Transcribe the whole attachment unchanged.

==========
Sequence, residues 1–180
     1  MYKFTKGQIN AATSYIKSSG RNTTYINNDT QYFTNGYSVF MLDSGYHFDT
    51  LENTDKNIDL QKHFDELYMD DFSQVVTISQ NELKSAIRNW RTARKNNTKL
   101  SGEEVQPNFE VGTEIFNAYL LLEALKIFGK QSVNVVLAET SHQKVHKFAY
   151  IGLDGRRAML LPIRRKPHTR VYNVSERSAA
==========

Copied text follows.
Sequence, residues 1–180
     1  MYKFTKGQIN AATSYIKSSG RNTTYINNDT QYFTNGYSVF MLDSGYHFDT
    51  LENTDKNIDL QKHFDELYMD DFSQVVTISQ NELKSAIRNW RTARKNNTKL
   101  SGEEVQPNFE VGTEIFNAYL LLEALKIFGK QSVNVVLAET SHQKVHKFAY
   151  IGLDGRRAML LPIRRKPHTR VYNVSERSAA